EU justice commissioner Viviane Reding scored an important victory in the European Parliament today after securing support for a rewrite of the 28-nation bloc's data protection laws.
Proposed changes to the DP Regulation secured 371 politicos in favour, 10 against and 22 abstentions. Altogether 276 MEPs voted for the DP Directive while 30 of them abstained.
In a baffling move to win over businesses operating in the EU, Reding said:
The message the European Parliament is sending is unequivocal: This reform is a necessity, and now it is irreversible. Europe's directly elected parliamentarians have listened to European citizens and European businesses and, with this vote, have made clear that we need a uniform and strong European data protection law, which will make life easier for business and strengthen the protection of our citizens.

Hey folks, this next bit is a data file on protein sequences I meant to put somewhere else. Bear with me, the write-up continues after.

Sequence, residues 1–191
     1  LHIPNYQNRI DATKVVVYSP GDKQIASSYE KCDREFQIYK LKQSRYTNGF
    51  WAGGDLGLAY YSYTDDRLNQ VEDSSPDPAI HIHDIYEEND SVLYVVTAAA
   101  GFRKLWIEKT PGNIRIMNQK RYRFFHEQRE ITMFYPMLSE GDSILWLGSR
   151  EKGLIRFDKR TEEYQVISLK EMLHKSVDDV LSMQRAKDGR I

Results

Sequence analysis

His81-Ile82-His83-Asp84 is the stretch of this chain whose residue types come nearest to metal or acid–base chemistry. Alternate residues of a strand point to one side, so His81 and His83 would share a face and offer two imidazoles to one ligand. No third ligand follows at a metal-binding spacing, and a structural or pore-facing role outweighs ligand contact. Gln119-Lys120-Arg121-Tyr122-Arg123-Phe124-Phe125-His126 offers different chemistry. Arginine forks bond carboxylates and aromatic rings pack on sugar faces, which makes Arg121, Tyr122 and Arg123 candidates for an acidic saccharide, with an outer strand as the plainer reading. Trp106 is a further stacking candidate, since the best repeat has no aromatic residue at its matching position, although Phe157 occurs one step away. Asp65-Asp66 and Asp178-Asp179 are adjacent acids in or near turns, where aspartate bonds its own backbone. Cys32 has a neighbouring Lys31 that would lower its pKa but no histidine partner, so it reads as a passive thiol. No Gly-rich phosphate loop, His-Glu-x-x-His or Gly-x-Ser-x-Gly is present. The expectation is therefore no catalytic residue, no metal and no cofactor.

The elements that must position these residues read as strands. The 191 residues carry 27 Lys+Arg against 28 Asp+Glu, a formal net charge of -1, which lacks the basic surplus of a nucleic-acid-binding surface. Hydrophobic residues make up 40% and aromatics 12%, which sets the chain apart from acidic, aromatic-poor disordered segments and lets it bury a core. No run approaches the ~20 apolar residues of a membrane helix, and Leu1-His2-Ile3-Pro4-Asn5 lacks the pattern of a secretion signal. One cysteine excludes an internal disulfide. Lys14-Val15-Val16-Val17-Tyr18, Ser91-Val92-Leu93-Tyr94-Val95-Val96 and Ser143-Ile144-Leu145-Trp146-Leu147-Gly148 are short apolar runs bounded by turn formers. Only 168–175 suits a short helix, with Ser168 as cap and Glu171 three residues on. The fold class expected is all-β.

Data Protection is made in Europe. Strong data protection rules must be Europe's trade mark. Following the US data spying scandals, data protection is more than ever a competitive advantage.
The vote cemented the EU Parliament's support ahead of elections in May.
But, in effect, Reding's bill - which has undergone many amendments - is only about two thirds of the way there. A major sticking point is likely to come when the Council of Ministers sets out its position on the planned legislation to overhaul rules that were written in the infancy of the web in 1995. ®
Sponsored: Ransomware has gone nuclear